The analysis of "the gauntlet" also has to include an analysis of the ease of getting into the playoff. It's a natural reaction to think that an MNC recently became twice as hard to get (win B1G title game) and will become twice harder yet (win first round of 4-team playoff). But that's not so, in my view.
Let's say that Ohio State has a uniform 10% chance to finish each of 1st, 2nd, 3rd, or 4th (in the BCS rankings or selection committee's view) after the B1G title game.
Under the old BCS system, they'd have a 20% shot to get into the final game, since 1st and 2nd always get straight into that game and 3rd and 4th are always left out. In the new system they'd be 40% to get into the 4-team playoff, and if they had a 50-50 shot of winning the first round, they end up with the same 20% to get into the final game.
Unless one hypothesizes a fairly strange probability distribution (e.g., "much more likely to finish 1st-2nd than 3rd-4th, but at the same time less likely than 50-50 to win the first round game") the size of the playoff is pretty much irrelevant to the odds of winning the title. In the end there's still exactly one MNC per year, so they haven't become any scarcer.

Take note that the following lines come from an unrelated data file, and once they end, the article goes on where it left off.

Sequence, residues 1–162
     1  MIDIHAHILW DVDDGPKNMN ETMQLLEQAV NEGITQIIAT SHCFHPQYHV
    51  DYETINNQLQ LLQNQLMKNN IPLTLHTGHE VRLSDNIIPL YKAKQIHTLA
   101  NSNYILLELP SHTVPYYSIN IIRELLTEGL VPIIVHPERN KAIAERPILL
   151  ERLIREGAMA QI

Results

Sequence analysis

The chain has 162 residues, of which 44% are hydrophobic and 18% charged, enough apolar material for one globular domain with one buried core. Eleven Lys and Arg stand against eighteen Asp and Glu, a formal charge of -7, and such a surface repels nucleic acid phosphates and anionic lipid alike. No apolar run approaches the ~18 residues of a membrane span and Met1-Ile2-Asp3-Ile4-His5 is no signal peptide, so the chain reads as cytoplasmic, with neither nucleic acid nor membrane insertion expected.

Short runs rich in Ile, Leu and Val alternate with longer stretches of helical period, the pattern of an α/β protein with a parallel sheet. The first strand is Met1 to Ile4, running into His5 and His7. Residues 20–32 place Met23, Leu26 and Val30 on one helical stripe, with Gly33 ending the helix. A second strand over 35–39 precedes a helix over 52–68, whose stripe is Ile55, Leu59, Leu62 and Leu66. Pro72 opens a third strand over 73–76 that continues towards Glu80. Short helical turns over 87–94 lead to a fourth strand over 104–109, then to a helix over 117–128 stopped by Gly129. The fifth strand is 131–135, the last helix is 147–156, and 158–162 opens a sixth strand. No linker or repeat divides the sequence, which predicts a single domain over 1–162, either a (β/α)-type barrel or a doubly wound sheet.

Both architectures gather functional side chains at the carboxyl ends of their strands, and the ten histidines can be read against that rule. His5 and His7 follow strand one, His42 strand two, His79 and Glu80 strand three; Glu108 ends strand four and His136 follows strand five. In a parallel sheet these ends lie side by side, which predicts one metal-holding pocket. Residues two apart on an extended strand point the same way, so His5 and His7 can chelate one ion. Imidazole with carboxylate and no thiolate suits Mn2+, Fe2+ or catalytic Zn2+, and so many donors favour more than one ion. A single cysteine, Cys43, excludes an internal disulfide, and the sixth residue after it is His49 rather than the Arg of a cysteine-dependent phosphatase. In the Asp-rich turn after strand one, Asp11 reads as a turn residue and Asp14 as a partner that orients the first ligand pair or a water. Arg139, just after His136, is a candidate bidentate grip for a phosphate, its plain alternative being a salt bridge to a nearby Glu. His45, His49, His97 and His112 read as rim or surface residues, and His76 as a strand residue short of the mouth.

As a tangent: Similarly, the B1G title game may seem like it makes it hard to win B1G titles, but it depends on how you look at it. It is now easier to win outright B1G titles (there is now one every single year, so they have become less scarce). There's no longer a straight equivalent to a shared B1G title, though based on total number of co-champs over the recent pre-Nebraska years, a berth in the B1G title game could be considered roughly equivalent (and "division co-champ" far easier) if you're trying to compare success across eras.